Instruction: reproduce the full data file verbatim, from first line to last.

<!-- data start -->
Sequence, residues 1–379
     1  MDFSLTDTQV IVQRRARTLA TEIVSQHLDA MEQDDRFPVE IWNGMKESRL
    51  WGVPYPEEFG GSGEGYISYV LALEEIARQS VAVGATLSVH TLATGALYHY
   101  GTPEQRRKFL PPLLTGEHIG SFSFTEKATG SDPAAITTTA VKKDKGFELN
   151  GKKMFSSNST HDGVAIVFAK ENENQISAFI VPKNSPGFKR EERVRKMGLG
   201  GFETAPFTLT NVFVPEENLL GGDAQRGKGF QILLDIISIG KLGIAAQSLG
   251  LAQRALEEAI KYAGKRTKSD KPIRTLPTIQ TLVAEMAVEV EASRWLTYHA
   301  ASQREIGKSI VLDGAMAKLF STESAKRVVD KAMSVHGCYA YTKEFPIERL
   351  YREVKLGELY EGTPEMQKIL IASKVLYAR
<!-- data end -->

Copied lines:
Sequence, residues 1–379
     1  MDFSLTDTQV IVQRRARTLA TEIVSQHLDA MEQDDRFPVE IWNGMKESRL
    51  WGVPYPEEFG GSGEGYISYV LALEEIARQS VAVGATLSVH TLATGALYHY
   101  GTPEQRRKFL PPLLTGEHIG SFSFTEKATG SDPAAITTTA VKKDKGFELN
   151  GKKMFSSNST HDGVAIVFAK ENENQISAFI VPKNSPGFKR EERVRKMGLG
   201  GFETAPFTLT NVFVPEENLL GGDAQRGKGF QILLDIISIG KLGIAAQSLG
   251  LAQRALEEAI KYAGKRTKSD KPIRTLPTIQ TLVAEMAVEV EASRWLTYHA
   301  ASQREIGKSI VLDGAMAKLF STESAKRVVD KAMSVHGCYA YTKEFPIERL
   351  YREVKLGELY EGTPEMQKIL IASKVLYAR